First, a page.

# Inverse Weyl quantization of the projection operator.

I am trying to solve the following problem on an old Quantum Mechanics exam as an exercise.

## Homework Statement ## Homework Equations

I know that the trace of an operator is the integral of its kernel.
\begin{equation}
Tr[K(x,y)] = \int K(x,x) dx
\end{equation}

## The Attempt at a Solution

I start out by finding the action of the operator in the trace:
\begin{equation}
(P_{\psi} V(-v) U(-u) \phi)(x) = \int \psi^{\star} e^{i v x} \phi(x+\hbar u) dx \psi(x)
\end{equation}
Which I think should, by sending $x\rightarrow y-\hbar u$, be equal to:
\begin{equation}
\int \psi^{\star}(y- \hbar u) e^{i v (y-\hbar u)} \phi(y) \psi(x) dy
\end{equation}
Which means that the integral kernel of this operator is:
\begin{equation}
K_{\psi}(x,y) = \psi^{\star}(y- \hbar u) e^{i v (y-\hbar u)} \psi(x)
\end{equation}
Which means that the trace is:
\begin{equation}
\int K_{\psi}(x,x) dx = \int \psi^{\star}(x- \hbar u) e^{i v (x-\hbar u)} \psi(x) dx
\end{equation}

So essentially I am stuck trying to solve this integral.
Any help would be greatly appreciated.

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TSny
Homework Helper
Gold Member
Which means that the trace is:
\begin{equation}
\int K_{\psi}(x,x) dx = \int \psi^{\star}(x- \hbar u) e^{i v (x-\hbar u)} \psi(x) dx
\end{equation}

So essentially I am stuck trying to solve this integral.
Any help would be greatly appreciated.
Use this expression for the trace in the equation for ##f(q,p)## and see if you can do the ##v## integration next and then do the ##x## integration.

Thanks!
I gave that a try, and this is what I came up with:

\begin{equation}
f(p,q) = \frac{\hbar}{2 \pi} \int_{ℝ^{2}} \int_{ℝ} \psi^{\star}(x-\hbar u) e^{ev(x-\hbar u)} \psi(x) e^{i \hbar u v/2 -ipu -iqv/} du dv dx
\end{equation}

Which I think should be combined as follows so I get an expression for the dirac-delta distribution:

\begin{equation}
\frac{\hbar}{2 \pi} \int_{ℝ^{2}} \int_{ℝ} \psi^{\star}(x - \hbar u) \psi(x) e^{-ipu} e^{iv(-\hbar u/2 + x -q)} du dv dx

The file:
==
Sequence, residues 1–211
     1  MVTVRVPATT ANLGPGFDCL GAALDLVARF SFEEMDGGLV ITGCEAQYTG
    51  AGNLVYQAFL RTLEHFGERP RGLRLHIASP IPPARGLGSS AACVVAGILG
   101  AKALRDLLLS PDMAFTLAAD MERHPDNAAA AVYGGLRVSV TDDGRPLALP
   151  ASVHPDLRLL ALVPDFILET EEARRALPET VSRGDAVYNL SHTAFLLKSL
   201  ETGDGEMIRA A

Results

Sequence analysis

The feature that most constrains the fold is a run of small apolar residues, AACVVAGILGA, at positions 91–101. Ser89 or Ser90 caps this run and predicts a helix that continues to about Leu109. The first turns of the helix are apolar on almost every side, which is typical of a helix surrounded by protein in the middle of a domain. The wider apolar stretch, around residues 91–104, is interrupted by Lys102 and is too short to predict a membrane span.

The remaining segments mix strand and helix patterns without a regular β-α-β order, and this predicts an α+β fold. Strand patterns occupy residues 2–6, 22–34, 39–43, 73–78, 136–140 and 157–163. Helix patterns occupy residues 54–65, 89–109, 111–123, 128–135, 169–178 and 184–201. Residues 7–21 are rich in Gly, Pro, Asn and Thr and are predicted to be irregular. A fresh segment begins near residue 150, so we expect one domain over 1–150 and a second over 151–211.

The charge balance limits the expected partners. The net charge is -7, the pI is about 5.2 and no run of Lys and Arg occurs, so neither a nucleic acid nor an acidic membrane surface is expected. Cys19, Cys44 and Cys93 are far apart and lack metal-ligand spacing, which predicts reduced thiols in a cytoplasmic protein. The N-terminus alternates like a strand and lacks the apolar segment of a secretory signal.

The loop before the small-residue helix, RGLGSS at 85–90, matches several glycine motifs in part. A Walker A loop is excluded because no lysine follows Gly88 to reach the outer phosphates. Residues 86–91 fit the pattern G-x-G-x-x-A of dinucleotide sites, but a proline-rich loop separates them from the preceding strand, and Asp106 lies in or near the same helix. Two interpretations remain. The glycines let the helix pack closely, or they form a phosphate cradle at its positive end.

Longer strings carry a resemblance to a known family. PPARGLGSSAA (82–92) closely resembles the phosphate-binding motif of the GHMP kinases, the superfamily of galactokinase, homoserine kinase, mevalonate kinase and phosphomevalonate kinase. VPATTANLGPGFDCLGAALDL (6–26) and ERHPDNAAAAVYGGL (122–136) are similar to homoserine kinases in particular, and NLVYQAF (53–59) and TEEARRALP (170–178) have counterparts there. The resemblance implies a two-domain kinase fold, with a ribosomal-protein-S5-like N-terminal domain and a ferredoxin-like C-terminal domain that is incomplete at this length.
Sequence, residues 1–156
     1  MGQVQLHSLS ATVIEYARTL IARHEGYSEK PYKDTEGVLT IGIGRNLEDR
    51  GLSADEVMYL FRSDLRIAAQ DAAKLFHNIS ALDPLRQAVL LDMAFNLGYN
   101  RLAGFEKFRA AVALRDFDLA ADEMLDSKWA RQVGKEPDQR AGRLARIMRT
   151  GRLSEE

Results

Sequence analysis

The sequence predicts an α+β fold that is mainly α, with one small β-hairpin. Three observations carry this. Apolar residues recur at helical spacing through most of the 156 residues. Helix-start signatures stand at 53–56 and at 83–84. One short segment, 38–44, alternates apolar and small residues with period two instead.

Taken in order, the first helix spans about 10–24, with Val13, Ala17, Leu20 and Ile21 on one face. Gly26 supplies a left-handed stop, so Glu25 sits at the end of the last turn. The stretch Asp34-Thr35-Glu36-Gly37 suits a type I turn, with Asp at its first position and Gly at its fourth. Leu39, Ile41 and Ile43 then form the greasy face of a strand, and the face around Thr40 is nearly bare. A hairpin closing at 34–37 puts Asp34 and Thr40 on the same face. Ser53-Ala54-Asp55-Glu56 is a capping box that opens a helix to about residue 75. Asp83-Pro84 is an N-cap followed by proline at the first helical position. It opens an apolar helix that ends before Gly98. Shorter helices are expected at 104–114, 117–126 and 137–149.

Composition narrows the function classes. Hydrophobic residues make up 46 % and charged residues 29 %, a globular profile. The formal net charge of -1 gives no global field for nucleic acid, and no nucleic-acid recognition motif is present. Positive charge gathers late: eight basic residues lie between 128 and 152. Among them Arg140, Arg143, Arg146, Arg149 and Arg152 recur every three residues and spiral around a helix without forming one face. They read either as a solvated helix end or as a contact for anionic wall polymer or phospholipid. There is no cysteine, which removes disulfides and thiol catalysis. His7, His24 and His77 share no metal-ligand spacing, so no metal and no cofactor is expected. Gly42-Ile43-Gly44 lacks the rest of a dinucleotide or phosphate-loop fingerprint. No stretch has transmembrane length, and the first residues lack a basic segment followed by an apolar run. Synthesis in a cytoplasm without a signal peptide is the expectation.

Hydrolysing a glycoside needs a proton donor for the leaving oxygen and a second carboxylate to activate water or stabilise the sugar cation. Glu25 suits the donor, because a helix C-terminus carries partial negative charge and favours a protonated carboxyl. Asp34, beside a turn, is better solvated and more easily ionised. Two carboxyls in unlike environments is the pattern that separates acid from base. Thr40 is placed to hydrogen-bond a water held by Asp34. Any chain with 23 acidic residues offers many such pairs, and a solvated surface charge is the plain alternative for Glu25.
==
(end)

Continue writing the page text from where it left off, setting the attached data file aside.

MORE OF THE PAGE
\end{equation}

Where the v integration gives the delta distribution:
\begin{equation}
f(p,q) = \frac{\hbar}{\sqrt{2 \pi}} \int_{ℝ} \int_{ℝ} \psi^{\star}(x-\hbar u) \psi(x) e^{-ipu} \delta(\frac{-\hbar u}{2} + x -q) dudx
\end{equation}
I figure you could do either the x or the u integration here, but since you said I should start with the x integration:
\begin{equation}
f(p,q) = \frac{\hbar}{\sqrt{2 \pi}} \int_{ℝ} \psi^{\star}(\frac{-\hbar u}{2} + q) \psi(\frac{\hbar u}{2} + q) e^{-ipu} du
\end{equation}

I don't think the last integration can be taken any further without knowing what psi is...

As for part b, in the limit that hbar approaches zero, does this function not becomes simply identically zero?

TSny
Homework Helper
Gold Member
Yes, you could do the u integration before the x integration. I think you should get the same result.

I don't think the factor of ##1/\sqrt{2\pi}## should be in the result. (Check the numerical factors in getting the delta function from the integration of the exponential.)

Note that the probability distribution is defined as ##f(p,q)/(2\pi\hbar)##, so the ##\hbar## in front of the integral in ##f(p,q)## will disappear. You can then try to get the classical limit.

Thanks again.
I believe the current prefactor $\frac{1}{\sqrt{2 \pi}}$ is still correct, but it will be taken care of once you divide by $2 \pi \hbar$ and compute the last integral, which is the fourier transform of $|\psi|^{2}$.

TSny
Homework Helper
Gold Member
Thanks again.
I believe the current prefactor $\frac{1}{\sqrt{2 \pi}}$ is still correct, but it will be taken care of once you divide by $2 \pi \hbar$ and compute the last integral, which is the fourier transform of $|\psi|^{2}$.
Maybe I'm overlooking a factor of ##\sqrt{2\pi}## somewhere. When integrating over ##v## to get the dirac delta function, did you use the integral representation of the delta function as given in equation 1.17.12 here ?

The last integral is not quite the Fourier transform of ##|\psi^2|## due to the difference in signs occurring inside the arguments of ##\psi## and ##\psi^*##.

I meant it would be the fourier transform in the classical limit. And you're right about me getting that factor wrong. I misremembered there being a square root.

TSny
Homework Helper
Gold Member
I meant it would be the fourier transform in the classical limit.
I'm not sure about the classical limit. It seems to me that if you let h $\rightarrow$ 0, then the arguments of ψ and ψ* no longer depend on the integration variable u. Thus you can pull ψ and ψ* out of the integral.